Mike Leigh’s school report read: “Mike is a nonconformist. And a stubborn one, at that.” At 71, the legendary director continues to follow his own, brilliantly unique path. Responsible for the likes of Naked, Secrets & Lies, Abigail’s Party and Vera Drake, he’s a master at tragi-comic distillations of contemporary Britain, with a compassionate, enduring curiosity about the human condition. Last week, AnOther met the director at the enchanting Reykjavik International Film Festival, where he received its Puffin Lifetime Achievement Award from the president of Iceland. Earlier that day, as sleet battered the windows of Reykjavik University, Leigh held an illuminating masterclass, describing a film process notorious for its obsessive research, improvisation and lack of script. As he prepares to screen his latest Cannes-winning character study Mr. Turner at the London Film Festival, we reveal some highlights from his Icelandic masterclass.
Mike Leigh on... drawing caricatures as a kid
“I was always drawing caricatures of adults as a child. When I was six my father stopped me, saying it might embarrass them. For me the fascination is not about theatre or film or art, it’s about life. My disease is that I see people in a kind of 3-dimensional way – I see you and you are all ridiculous. You’re all gorgeous and ugly and good and bad and you are all different.”
“I was always drawing caricatures of adults as a child"
Mike Leigh on... a revelation with a nude model
“I went to drama school and that was a profoundly negative experience. I think you’d describe it as dead. I went there at 17 in 1946 and it was locked in this old fashioned, respectable theatre, with the traditions of the great Shakespearean actors. No improvisation at all. You learned the lines, you didn’t fall over the furniture and that was it. We didn’t discuss, who is this character? What’s the backstory? I then went to art school and had a revelation; everybody was drawing a nude female model and I looked around and thought, everybody is being creative, looking at real life and finding a way of expressing it and connecting with it.”
Mike Leigh on... on making his first film
“Given that I never have a script and absolutely refuse to discuss the film with anybody, I’ve been extremely lucky. I made up all these plays with no money in the 60s, and then the actor Albert Finney had been in Tom Jones by Tony Richardson and he won Oscars and a lot of money and decided to invest some in my first feature, Bleak Moments in 1971. My next was 17 years later, and in the meantime I made films for television, mostly the BBC. Abigail’s Party got 16 million viewers because it went out during a strike on another channel, on a very stormy night, and everybody in the British Isles watched it.”
Mike Leigh on... how an actor gets his attention
“To get my attention you have to stand outside my house, take all your clothes off and set fire to your hair (laughing). I’ll run into an actor in Soho who says they’ve just been for an audition and they’ll say, ‘I went into this room and there was a casting director and two assistant casting directors and two producers and three exec producers and some guy from America and somebody with a camera. They talked about the movie, and about Tom Cruise who they’re hoping to get, and then I left.’ I’ll say, ‘Did they ask about you?’ And they’ll say ‘no’. I’m very strict; when an actor comes to see me there’s nobody else in the room, it’s at least 20 minutes and we just talk. What I’m really concerned with is character actors who are excited by playing real people out there.”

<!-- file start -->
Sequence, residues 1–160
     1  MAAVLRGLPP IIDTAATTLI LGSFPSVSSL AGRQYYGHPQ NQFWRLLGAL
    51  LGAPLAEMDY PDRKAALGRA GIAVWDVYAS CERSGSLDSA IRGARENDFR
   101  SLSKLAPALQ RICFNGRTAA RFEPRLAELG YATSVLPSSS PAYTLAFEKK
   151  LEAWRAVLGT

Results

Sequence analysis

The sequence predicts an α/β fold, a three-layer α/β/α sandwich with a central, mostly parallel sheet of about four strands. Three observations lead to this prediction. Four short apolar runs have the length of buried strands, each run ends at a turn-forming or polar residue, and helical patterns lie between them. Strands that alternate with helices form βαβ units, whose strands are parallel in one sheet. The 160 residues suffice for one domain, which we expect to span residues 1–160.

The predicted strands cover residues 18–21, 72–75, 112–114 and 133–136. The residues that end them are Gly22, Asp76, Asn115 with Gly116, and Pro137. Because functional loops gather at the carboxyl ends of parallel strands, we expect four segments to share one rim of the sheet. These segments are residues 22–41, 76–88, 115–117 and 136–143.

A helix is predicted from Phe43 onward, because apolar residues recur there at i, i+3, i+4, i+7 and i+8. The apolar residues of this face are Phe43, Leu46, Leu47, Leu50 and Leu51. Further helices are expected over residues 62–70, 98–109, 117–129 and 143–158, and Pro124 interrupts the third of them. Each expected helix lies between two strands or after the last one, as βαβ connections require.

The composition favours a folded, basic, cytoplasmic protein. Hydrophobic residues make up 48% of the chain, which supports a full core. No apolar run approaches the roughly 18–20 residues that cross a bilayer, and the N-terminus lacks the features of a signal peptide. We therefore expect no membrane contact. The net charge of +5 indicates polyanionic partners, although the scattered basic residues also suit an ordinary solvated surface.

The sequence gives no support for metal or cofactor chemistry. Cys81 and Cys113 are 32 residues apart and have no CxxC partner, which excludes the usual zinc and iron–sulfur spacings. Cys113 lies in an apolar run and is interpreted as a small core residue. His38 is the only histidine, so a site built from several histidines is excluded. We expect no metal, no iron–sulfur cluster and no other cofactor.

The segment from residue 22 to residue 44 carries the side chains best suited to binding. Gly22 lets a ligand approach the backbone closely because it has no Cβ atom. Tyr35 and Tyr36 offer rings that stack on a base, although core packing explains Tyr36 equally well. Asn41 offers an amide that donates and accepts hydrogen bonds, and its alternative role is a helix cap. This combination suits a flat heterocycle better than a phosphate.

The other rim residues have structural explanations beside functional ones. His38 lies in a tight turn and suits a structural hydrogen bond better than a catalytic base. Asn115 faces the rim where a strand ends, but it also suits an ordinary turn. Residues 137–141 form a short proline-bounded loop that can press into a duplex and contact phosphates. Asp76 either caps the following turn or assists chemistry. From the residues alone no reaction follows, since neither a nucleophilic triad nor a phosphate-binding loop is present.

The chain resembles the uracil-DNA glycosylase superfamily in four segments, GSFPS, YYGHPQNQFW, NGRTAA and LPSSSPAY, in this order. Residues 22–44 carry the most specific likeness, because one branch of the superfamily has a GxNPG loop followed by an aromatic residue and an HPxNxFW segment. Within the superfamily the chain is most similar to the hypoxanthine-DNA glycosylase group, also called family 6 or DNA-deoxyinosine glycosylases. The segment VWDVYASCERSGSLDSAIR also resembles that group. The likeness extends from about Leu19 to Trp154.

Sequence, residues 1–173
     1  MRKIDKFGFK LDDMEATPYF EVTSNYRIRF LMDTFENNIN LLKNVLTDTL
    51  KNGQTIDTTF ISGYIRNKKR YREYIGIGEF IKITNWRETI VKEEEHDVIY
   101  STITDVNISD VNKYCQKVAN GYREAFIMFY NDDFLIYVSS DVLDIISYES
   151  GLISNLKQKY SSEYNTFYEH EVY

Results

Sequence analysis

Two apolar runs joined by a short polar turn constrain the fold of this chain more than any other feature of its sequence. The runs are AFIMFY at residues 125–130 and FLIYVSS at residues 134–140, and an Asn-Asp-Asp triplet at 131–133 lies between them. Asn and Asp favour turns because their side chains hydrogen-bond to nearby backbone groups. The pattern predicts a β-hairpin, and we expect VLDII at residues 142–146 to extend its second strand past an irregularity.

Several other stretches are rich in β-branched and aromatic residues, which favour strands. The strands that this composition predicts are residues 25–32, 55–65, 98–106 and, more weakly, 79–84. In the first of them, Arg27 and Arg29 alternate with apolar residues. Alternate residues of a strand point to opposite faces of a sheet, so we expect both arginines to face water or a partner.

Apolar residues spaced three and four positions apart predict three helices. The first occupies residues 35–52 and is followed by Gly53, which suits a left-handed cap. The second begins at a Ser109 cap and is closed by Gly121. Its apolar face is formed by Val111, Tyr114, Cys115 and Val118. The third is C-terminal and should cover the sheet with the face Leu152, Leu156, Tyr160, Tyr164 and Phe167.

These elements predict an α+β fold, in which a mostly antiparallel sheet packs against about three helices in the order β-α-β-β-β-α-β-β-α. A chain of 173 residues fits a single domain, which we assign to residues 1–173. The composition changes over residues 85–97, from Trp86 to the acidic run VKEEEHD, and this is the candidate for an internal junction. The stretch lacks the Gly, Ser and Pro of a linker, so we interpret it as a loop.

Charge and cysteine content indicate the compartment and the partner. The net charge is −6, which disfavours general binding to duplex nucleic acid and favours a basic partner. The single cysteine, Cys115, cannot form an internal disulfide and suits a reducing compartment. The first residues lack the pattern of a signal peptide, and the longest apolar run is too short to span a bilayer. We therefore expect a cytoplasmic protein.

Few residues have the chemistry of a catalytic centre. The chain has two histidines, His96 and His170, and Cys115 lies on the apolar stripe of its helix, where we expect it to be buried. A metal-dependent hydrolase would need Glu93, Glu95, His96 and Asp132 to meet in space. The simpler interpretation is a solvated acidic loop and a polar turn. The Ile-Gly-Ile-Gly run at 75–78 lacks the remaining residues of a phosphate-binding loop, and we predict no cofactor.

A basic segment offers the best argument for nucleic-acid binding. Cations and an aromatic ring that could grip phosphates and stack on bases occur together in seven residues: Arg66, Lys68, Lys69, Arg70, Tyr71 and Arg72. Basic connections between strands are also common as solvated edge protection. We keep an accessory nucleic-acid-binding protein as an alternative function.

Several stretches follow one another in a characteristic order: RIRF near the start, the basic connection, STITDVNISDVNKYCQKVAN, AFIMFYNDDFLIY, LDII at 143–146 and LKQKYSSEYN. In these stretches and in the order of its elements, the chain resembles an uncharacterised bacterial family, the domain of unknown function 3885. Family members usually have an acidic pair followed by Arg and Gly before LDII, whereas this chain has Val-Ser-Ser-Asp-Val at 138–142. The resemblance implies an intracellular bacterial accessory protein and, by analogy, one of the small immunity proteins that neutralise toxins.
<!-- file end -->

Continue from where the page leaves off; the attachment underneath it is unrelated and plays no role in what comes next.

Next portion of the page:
Mike Leigh on... hiding in the back seat for Happy-Go-Lucky
“The deal is that the actors will never know anything about the story except what their character would know. In Happy-Go-Lucky, Eddie Marsan was very, very successful at playing a completely deranged lunatic. The guy was mad. The only way we could rehearse and develop the action through improvisation was by being in the car and doing improvisation down a real street with me lying on the back seat trying not to laugh.”
Mike Leigh on... convincing the money-men
“I do make these dangerous films where we don’t know what we’re going to wind up with. When we go to somebody and say, ‘Give us the money, we can’t tell you anything about the film or the casting,’ either they say, ‘Fantastic, here’s the money!’ or they say ‘Fuck off!’ Mostly it’s the second thing. If we had got yes’s from all the films we’ve applied for, I would have made 5,000 films by now.”
Mike Leigh on... his favourite Mike Leigh film
“I have two sons and I can’t tell you who I love more. I can tell you Life is Sweet is my least favourite. I made a film called Meantime about unemployment, it’s on a box set and I’ve got a soft spot for that. I’m not like Gloria Swanson in Sunset Boulevard, I don’t watch my films every night. But I look at Vera Drake and think, ‘How on earth did we manage that?’ I’m impressed by the extraordinary thing we seemed to have got away with. So I think that’s all right. I hope, without sounding pretentious, that the themes of my films, which are about living and dying and being parents and being children and work and survival are in some way universal.”
Mr. Turner is part of the programme for the 2014 BDI London Film Festival.
Text by Hannah Lack